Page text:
Maya, I think that what you and other readers are objecting to is that I have written this piece of fiction in such a way that Tommy and Eddie could be regarded as victims. Which somehow exonerates all men who abuse women. But if you read the piece more closely it isn’t that cut and dried. For example, the narrator says Eddie has to jump through a whole lot of hoops. Poor Eddie? Look at the hoops, as you have done, and tear your hair out. Get home to wife and child instead of going boozing? What kind of man prefers the pub to going home? Just get down to THE nearest bar around 7pm in the week and check out the losers trying to reconstruct themselves in the company of other losers. That kind of man. Play with your child? You would have to be an exceptionally rubbishy kind of rubbish if you have to be coerced into bonding with your own kid. And then there’s putting out the trash on a Monday morning. If the reader can’t spot the absurdity and the irony of this clue, then they really aren’t looking.
    So what I’m trying to do in this piece is to examine an aspect of domestic conflict `without having to nail my colours to an explicitly PC mast. Or any mast. Like you say, it’s the social reality of today, and it’s rather sordid. I’d be interested to know if you feel any different about the story after reading this.

    Bottom
  • <a href="http://mayafowler.book.co.za" rel="nofollow">Maya</a>
    Maya
    September 14th, 2013 @22:55 #
     
    Top

    Hi Ian. OK, when you explain it that way it makes sense to me. It's just that I didn't get that from the text itself – those nuances. It's probably because the narrator has the specific tone he has. The tone seems to sympathise with Eddie, and with Mr Taljaard. This method can be effective when the reader is made to sense irony, but I didn't detect irony. It could be that if you rewrote it in the first person, or from another perspective: the barman, a nosy neighbour, that that would make a difference. Another point: It's much more effective to put potentially inflammatory statements in the mouths of characters, in dialogue – definitely direct speech. When the third-person narrator, instead, makes this kind of statement (like the opening sentence, for instance) then the reader gets the very uneasy feeling that we're hearing the writer, not the narrator, speaking. That, I've just realised, is probably the crux of the matter here.

    Bottom
  • <a href="http://richarddenooy.book.co.za" rel="nofollow">Richard de Nooy</a>
    Richard de Nooy
    September 14th, 2013 @23:57 #
     
    Top

    I made almost exactly the same remark under Ian's original post, Maya. It's not about being PC, Ian, it's about getting out of the way of your characters/story, detaching yourself, laying it all out whichever way you wish and then letting your readers decide for themselves.

    Bottom
  • <a href="http://www.ianmartintheauthor.com" rel="nofollow">Ian Martin</a>
    Ian Martin
    September 15th, 2013 @17:45 #
     
    Top

    Yes, but maybe I am deliberately setting a trap for the readers. I am being provocative because I know they are conditioned to jump to a whole range of standard conclusions. I push some buttons and they go on the offensive having overlooked the clues that are plainly visible. You and Richard are telling me that it is my fault that you mistook me for a misogynist. Maybe you are right, and I’m not much of a writer, but there is also the possibility that your judgement has been affected by conceptions you haven’t bothered to re-evaluate in years. To tell the truth, I do tend to sympathise with Tommy. On the other hand, Eddie is a contemptible worm. None of the characters are likeable. It’s not a nice story, but nowhere do I encourage anyone to behave badly. And this brings me to the second dimension to this discussion. Some readers took exception to what I had written and complained to the editor. He censored my work and threatened to expel me, without telling me what I was accused of. I think this was an error of judgement on his part.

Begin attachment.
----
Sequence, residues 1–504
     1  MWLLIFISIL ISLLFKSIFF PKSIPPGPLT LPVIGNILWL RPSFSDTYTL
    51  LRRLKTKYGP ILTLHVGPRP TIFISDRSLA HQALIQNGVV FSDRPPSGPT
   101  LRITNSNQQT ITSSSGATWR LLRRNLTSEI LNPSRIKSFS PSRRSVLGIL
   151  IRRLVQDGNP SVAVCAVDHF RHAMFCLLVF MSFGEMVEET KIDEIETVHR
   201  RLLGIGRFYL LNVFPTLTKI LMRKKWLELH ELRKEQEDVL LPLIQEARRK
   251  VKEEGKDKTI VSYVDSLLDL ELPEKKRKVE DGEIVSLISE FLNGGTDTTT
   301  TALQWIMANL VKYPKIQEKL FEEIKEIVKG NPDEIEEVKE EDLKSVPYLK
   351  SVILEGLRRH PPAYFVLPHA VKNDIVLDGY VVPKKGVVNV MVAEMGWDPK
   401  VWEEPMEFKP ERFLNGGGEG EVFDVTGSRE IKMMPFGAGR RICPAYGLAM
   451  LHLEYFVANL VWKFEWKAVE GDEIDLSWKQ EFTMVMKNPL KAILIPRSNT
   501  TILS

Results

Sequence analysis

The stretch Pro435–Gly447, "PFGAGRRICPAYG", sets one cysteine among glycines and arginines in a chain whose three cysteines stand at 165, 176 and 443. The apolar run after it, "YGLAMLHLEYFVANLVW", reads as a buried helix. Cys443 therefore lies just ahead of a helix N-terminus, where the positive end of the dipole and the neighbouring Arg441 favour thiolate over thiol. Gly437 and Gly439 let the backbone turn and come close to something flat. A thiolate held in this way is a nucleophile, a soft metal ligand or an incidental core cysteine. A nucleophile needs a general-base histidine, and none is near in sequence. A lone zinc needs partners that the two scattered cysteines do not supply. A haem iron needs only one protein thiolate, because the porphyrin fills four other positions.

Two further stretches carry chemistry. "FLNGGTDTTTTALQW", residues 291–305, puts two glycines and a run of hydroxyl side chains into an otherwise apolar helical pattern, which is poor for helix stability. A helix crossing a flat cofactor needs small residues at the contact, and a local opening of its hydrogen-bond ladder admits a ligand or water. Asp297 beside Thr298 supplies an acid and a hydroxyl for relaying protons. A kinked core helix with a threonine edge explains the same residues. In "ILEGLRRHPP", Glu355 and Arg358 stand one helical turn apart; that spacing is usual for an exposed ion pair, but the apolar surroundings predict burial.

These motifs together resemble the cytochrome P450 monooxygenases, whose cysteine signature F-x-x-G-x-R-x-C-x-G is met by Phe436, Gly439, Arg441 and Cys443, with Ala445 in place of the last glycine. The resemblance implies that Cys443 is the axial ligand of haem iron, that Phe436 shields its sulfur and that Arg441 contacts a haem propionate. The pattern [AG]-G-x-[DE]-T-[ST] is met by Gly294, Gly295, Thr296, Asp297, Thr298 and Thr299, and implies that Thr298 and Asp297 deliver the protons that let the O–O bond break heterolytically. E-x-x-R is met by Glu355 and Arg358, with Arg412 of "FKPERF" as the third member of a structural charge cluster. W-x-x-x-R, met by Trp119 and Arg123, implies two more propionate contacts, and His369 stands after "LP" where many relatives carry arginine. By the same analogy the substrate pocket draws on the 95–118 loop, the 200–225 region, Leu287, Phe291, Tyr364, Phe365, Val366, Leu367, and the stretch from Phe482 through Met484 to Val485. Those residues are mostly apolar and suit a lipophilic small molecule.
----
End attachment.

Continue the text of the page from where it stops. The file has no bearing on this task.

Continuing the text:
Bottom
  • <a href="http://richarddenooy.book.co.za" rel="nofollow">Richard de Nooy</a>
    Richard de Nooy
    September 15th, 2013 @18:17 #
     
    Top

    Ideally, you, as the author or artist, need to think these things through beforehand. Here's an example: I was once sitting at a sidewalk cafe in France and a couple at one of the tables got into a violent argument. The woman eventually threw her wine in her partner's face and stormed off. The guy shouted at her across the tables, and she turned back cursing him and accusing him of all sorts of infidelities. All the other guests were aghast, staring open-mouthed, as this relationship blew up right in front of them. The guy was just about to get violent and people were standing up to stop him, when the couple suddenly embraced and turned to the stunned audience, informing them that they were street artists acting out a piece in public. Everyone applauded with great relief and gave them money when they went round with their hat. The whole thing had been planned and we had all fallen for it.

    Do you understand what I'm getting at, Ian? You can't go out in the street and kick some random guy in the nuts, and then say it's part of theatre project called The Sweet Nutcracker.

    Bottom
  • <a href="http://www.ianmartintheauthor.com" rel="nofollow">Ian Martin</a>
    Ian Martin
    September 15th, 2013 @20:32 #
     
    Top

    Amusing, Richard. How about this, which is taken from my magnum opus, a book of drivel?

    Henry was not impressed. "Sounds as if you were a bullshitter. Plenty of those around. On a far more creative level is the teller of tall stories. You tell a story that is fantastic or exaggerated but almost plausible. The skill is in placing it just beyond the bounds of logic, so that an intelligent listener is able to pick up the clue that makes the story nonsense or an impossibility. The drawback comes when you have an audience too stupid to get it. You find yourself faced with an irritating dilemma - do you allow them to swallow the crap you've been dishing up, and thereby turn yourself into a cheap liar, or do you labour on, heaping one absurdity upon another until they finally see what you're up to, and in the process turn subtlety and wit into coarse buffoonery?"

    Bottom
  • <a href="http://richarddenooy.book.co.za" rel="nofollow">Richard de Nooy</a>
    Richard de Nooy
    September 15th, 2013 @23:19 #
     
    Top

    I understand what you're getting at, Ian, but one question will remain forever unanswered: is the audience too stupid or is the tall story too devoid of logic?

    Bottom

Please register or log in to comment

» View comments as a forum thread and add tags in BOOK Chat